Studying to be a Software Developer is hard.
There's no standard, no roadmap for breaking in.
If you're an accountant or lawyer, then you work towards taking a test - the CPA or bar exam - then you apply to jobs.
There's no test. There's no certification or license. Everyone you speak to has a slighlty different story about how they got started.
And that's a good thing. It means that no matter what you're background is, there's no artificial barrier stopping you from becoming a professional developer. If you have the apitude and grit, you can learn how to code.
The downside is to reach your goal you have to wade through a swamp of conflicting advice about what to study and what to build.
The danger is that bad advice will set you back and erode the confidence and energy you need to master a difficult subject - software development.
I wanted to find a way to give aspiring coders my hard earned perspective so they will have clairty and confidence on their journey.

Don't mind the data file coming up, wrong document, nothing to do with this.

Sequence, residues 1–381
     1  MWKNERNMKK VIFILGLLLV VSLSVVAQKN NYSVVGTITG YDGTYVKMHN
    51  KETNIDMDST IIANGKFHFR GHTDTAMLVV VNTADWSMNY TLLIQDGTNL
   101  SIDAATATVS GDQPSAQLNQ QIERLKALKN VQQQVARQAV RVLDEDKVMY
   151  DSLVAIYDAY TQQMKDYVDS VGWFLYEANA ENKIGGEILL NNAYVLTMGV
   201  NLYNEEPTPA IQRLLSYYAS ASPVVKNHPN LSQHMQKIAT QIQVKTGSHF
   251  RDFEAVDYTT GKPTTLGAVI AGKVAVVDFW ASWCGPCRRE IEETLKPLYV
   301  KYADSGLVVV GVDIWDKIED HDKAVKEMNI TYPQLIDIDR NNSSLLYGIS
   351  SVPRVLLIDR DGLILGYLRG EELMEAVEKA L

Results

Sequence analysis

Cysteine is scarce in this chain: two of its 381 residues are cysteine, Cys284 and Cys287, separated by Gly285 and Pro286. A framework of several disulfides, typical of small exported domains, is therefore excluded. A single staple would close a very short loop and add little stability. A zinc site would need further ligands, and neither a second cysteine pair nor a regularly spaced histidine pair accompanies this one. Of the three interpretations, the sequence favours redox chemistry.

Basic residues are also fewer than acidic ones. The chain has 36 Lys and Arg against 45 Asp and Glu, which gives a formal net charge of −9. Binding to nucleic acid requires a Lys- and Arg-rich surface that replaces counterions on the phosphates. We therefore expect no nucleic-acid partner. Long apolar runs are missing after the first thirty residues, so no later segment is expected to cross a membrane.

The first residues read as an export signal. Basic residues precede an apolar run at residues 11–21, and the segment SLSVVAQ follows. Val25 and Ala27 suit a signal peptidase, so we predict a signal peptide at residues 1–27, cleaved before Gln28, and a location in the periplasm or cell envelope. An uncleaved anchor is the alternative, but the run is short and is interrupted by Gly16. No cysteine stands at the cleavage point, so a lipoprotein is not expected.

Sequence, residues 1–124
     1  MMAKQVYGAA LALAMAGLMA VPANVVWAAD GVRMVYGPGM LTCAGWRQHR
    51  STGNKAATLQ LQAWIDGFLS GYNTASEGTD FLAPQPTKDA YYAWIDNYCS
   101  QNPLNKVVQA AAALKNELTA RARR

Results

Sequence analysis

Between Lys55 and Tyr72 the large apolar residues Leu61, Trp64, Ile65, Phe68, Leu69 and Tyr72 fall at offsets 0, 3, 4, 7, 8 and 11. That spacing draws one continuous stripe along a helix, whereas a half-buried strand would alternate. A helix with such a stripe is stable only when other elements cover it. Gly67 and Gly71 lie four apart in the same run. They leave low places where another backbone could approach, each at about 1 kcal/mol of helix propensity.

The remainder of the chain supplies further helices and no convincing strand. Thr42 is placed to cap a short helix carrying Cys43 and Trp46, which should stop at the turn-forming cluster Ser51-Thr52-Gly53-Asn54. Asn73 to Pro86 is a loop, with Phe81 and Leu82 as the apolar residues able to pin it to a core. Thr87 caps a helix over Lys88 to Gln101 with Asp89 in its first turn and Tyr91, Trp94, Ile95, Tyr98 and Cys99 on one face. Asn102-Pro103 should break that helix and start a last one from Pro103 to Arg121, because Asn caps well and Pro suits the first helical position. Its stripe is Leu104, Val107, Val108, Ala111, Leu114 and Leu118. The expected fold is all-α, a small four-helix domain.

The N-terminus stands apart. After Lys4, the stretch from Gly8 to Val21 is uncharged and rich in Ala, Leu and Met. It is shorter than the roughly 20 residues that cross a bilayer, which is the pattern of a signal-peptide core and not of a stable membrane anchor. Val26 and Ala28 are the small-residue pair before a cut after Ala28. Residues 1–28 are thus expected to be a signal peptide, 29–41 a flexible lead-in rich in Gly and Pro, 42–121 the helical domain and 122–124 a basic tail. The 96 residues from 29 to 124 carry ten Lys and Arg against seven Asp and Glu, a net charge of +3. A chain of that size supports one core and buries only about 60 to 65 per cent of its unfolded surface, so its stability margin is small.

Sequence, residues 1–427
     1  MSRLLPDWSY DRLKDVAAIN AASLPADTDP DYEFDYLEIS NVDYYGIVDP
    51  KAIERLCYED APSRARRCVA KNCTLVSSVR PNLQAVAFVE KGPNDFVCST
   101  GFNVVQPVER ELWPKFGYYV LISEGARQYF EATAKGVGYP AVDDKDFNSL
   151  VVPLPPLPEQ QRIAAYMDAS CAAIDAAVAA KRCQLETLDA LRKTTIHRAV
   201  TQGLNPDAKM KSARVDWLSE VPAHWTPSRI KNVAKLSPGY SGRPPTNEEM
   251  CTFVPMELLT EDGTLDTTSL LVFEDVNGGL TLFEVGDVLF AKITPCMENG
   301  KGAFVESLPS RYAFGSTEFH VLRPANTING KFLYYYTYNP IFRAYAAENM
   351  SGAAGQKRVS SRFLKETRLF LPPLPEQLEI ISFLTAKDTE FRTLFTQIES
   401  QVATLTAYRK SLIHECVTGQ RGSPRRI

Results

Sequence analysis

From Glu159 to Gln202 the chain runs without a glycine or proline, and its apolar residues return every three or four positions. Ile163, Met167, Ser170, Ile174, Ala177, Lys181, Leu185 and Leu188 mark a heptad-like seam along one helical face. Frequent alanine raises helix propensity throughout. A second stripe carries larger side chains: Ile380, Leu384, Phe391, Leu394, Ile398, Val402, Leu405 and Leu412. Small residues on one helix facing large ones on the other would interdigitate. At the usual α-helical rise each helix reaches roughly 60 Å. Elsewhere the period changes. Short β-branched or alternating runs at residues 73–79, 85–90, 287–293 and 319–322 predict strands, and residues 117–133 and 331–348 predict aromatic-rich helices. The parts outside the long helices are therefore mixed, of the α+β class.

I'm not interested in the coding language wars, or gatekeeping. I'm also not interested in the technology hype cycle or selling false hopes.
My view is based on being a Software Engineer for over two decades and creating three software companies. I've hired, fired, and managed CS grads and self-taught developers.
I've pitched to clients and investors. And I've been pitched to by investors and vendors.
I'm just sharing what has worked for me, my employees, and now the students who attend my school, Coder Foundry.
And now, I hope it helps you.
- Bobby Davis, founder